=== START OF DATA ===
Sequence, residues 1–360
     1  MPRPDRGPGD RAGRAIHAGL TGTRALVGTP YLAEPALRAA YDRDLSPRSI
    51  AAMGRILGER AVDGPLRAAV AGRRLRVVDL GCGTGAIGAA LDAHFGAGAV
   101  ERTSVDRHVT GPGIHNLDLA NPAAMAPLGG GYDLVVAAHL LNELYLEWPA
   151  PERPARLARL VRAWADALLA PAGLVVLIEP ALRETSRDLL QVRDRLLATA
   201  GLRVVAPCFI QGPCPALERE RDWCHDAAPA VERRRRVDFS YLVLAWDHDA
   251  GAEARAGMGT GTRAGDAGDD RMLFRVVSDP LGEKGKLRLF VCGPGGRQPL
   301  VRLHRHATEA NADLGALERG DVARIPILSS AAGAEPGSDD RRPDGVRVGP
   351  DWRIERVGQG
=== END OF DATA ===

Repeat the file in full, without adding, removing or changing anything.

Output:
Sequence, residues 1–360
     1  MPRPDRGPGD RAGRAIHAGL TGTRALVGTP YLAEPALRAA YDRDLSPRSI
    51  AAMGRILGER AVDGPLRAAV AGRRLRVVDL GCGTGAIGAA LDAHFGAGAV
   101  ERTSVDRHVT GPGIHNLDLA NPAAMAPLGG GYDLVVAAHL LNELYLEWPA
   151  PERPARLARL VRAWADALLA PAGLVVLIEP ALRETSRDLL QVRDRLLATA
   201  GLRVVAPCFI QGPCPALERE RDWCHDAAPA VERRRRVDFS YLVLAWDHDA
   251  GAEARAGMGT GTRAGDAGDD RMLFRVVSDP LGEKGKLRLF VCGPGGRQPL
   301  VRLHRHATEA NADLGALERG DVARIPILSS AAGAEPGSDD RRPDGVRVGP
   351  DWRIERVGQG